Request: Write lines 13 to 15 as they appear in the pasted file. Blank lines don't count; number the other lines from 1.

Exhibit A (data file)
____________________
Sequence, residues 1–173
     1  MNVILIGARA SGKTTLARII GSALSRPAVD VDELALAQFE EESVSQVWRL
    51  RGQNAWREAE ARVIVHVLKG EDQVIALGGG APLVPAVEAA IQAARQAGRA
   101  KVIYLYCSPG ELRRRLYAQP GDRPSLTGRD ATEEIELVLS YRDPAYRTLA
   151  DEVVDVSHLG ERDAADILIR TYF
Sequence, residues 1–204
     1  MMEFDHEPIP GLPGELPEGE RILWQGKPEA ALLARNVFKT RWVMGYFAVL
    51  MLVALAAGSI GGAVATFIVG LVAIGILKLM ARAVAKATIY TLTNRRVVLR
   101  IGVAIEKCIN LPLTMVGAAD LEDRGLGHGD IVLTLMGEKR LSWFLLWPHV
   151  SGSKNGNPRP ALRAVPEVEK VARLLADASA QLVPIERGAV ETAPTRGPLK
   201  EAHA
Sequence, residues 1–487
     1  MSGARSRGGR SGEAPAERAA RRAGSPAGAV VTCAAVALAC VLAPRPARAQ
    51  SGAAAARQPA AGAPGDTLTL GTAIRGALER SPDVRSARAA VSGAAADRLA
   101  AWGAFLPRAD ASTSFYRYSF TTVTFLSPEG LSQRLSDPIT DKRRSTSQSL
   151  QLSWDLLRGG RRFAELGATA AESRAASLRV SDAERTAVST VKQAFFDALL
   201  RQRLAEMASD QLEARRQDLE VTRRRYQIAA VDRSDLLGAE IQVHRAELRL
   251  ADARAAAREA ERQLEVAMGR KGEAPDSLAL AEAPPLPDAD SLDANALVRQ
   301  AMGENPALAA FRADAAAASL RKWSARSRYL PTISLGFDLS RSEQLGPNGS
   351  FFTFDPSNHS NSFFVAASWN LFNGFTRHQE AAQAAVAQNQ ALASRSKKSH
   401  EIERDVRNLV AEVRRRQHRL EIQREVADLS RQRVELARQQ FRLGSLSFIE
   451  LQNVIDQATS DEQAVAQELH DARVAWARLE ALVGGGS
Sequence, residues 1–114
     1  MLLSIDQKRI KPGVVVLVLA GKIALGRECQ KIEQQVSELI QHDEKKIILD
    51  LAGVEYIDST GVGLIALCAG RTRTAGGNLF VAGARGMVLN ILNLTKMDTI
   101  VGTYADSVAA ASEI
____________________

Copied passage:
     1  MSGARSRGGR SGEAPAERAA RRAGSPAGAV VTCAAVALAC VLAPRPARAQ
    51  SGAAAARQPA AGAPGDTLTL GTAIRGALER SPDVRSARAA VSGAAADRLA
   101  AWGAFLPRAD ASTSFYRYSF TTVTFLSPEG LSQRLSDPIT DKRRSTSQSL